Is Perfusion Dose-Response Different Than Ventilation Dose-Response for Lung Cancer Patients Treated With Radiotherapy?
International Journal of Radiation Oncology, Biology, Physics
Ventilation-perfusion dose-response studies have focused on using functional imaging to characterize a dose-response and to assess whether the dose-response can predict subsequent pulmonary toxicity. Current dose-response studies typically focus on a single modality (ventilation or perfusion) and perform assessments on a population-based basis. There is no work evaluating whether ventilation dose-response differs from perfusion dose-response for individual lung cancer patients. The purpose of this study was to use single photon emission computed tomography (SPECT)-CT ventilation-perfusion imaging to quantitatively and clinically evaluate whether lung cancer patients treated with radiotherapy have differences between their ventilation and perfusion dose-responses.
Twenty patients with biopsy proven lung cancer enrolled on a prospective functional avoidance protocol underwent SPECT-CT perfusion-ventilation scans pre- and 3-month post-radiotherapy. The SPECT-CT, planning CT, and dose distribution were rigidly registered. We calculated the relative changes in pre- to post-treatment ventilation-perfusion in lung regions receiving ≥ 20 Gy (referred to as ΔPV20 for perfusion and ΔVV20 for ventilation). Differences between perfusion-based ΔPV20 and ventilation-based ΔVV20 were assessed and referred to as ΔfV20. A radiologist read each pre- and post-treatment ventilation-perfusion scans using a semi-quantitative scale that assigned a score ranging from 1 to 8 that reflected functional defect and heterogeneity in each lung. The difference between radiologist scores for the pre- and post-treatment scans was calculated for both ventilation and perfusion. Differences between ventilation-based and perfusion-based radiologist scores were assessed.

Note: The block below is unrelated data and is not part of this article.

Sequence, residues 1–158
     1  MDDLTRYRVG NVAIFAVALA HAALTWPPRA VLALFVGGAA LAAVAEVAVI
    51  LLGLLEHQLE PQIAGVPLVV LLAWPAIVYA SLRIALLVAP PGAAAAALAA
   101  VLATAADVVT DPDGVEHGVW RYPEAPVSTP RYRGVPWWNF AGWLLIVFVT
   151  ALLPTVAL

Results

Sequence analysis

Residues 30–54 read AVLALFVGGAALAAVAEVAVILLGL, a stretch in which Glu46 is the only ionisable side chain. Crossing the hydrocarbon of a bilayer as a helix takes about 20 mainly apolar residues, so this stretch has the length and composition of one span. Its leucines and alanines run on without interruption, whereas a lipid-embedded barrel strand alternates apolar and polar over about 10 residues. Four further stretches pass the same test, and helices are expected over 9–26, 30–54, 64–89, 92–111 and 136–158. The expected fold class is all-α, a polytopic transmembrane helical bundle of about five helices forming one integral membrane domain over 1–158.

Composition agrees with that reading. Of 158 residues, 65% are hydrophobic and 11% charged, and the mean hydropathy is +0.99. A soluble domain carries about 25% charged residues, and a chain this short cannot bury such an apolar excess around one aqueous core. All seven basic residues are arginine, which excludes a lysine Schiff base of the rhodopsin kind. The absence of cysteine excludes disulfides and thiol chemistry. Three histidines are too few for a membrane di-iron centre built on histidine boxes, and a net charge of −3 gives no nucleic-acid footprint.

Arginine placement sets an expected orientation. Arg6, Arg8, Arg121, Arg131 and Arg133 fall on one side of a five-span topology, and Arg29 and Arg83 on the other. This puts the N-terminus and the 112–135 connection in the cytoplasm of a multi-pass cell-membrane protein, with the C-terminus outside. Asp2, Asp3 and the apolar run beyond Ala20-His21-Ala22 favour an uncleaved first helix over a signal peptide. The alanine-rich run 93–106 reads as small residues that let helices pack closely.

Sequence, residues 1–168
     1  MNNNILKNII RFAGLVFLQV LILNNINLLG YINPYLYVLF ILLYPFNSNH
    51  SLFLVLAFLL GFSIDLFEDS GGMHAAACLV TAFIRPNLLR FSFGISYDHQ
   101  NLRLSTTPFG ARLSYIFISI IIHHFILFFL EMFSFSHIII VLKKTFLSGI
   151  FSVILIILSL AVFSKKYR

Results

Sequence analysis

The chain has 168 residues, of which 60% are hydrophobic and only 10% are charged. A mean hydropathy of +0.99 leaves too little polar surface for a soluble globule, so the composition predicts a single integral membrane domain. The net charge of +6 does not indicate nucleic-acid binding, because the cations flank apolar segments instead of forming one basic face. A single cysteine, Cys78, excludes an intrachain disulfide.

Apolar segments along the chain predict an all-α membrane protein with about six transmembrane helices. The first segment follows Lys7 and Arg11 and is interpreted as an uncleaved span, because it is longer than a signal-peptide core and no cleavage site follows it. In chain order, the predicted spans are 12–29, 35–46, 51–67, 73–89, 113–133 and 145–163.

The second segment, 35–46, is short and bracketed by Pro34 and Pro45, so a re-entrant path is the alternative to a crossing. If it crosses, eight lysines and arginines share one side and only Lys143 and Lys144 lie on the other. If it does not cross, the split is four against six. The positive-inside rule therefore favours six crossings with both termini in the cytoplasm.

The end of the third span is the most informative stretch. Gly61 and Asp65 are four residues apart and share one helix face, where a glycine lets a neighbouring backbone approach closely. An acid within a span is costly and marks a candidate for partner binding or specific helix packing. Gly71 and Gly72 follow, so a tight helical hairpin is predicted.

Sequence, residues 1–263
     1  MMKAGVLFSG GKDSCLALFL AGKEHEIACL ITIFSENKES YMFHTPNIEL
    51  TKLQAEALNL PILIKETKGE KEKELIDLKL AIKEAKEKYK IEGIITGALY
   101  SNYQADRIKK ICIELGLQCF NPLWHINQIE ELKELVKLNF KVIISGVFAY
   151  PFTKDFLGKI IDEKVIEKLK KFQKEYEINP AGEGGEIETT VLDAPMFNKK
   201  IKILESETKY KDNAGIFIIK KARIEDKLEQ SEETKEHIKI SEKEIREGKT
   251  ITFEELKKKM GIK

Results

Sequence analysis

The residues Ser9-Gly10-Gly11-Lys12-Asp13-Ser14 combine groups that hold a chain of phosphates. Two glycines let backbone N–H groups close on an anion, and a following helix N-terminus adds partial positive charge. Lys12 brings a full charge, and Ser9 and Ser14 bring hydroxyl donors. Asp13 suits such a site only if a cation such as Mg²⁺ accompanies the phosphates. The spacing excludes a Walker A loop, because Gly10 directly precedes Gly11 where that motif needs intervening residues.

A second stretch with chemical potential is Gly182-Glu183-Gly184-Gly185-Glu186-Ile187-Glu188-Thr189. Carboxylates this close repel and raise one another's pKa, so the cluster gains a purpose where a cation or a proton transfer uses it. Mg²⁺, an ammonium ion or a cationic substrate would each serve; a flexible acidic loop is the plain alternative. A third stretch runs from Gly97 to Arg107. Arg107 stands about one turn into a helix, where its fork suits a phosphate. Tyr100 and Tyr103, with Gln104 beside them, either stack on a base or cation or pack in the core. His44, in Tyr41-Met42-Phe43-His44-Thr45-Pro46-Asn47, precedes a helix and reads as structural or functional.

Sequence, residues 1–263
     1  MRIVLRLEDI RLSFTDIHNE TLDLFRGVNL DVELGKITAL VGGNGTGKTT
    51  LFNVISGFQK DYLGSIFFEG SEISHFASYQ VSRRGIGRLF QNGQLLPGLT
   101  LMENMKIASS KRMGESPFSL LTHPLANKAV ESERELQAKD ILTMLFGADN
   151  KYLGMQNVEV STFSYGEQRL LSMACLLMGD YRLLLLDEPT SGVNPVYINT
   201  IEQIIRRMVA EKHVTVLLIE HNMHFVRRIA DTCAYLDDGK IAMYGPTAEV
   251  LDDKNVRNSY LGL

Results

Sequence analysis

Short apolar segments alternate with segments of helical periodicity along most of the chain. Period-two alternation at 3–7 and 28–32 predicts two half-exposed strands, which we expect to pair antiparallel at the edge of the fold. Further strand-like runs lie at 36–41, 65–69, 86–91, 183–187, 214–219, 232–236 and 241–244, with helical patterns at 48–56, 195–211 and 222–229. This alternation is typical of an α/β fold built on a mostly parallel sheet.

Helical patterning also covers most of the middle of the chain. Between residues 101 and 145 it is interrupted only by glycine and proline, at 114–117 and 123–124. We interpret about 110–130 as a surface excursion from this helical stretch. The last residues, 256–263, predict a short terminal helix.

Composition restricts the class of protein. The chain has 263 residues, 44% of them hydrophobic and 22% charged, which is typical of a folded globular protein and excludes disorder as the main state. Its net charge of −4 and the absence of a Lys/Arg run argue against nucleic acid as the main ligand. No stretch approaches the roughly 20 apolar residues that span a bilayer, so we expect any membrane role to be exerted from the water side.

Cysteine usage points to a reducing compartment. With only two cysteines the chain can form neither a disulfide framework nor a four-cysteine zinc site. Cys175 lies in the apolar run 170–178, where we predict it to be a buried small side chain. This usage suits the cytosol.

Twenty-five percent of patients had a difference of ΔfV20 > 35% between ventilation-perfusion pre- to post-treatment changes (ΔVV20 and ΔPV20) and 20% of patients had opposite directions for ventilation-perfusion pre- to post-treatment changes. Radiologist assessment resulted in 20% of patients having different ventilation-perfusion semi-quantitative change scores for ipsilateral lungs.
The current work employed quantitative metrics and clinical assessments to evaluate whether ventilation dose-response differs from perfusion dose-response for individual lung cancer patients. Our data showed that ventilation dose-response can differ from perfusion dose-response for 20% to 30% of patients. Our study demonstrates that when evaluating functional dose-response for lung cancer patients, it is insufficient to look at ventilation or perfusion alone for a subset of patients; but rather both modes of functional imaging may be needed when predicting for clinical outcomes.
Forghani F, Castillo R, Castillo E, Jones BL, Rusthoven CG, Kwak J, Grills IS, Guerrero TM, Miften M, Vinogradskiy Y. Is perfusion dose-response different than ventilation dose-response for lung cancer patients treated with radiotherapy? International journal of radiation oncology, biology, physics [Internet]. 2021 Nov 1,;111(3):S15. Available from: https://dx.doi.org/10.1016/j.ijrobp.2021.07.065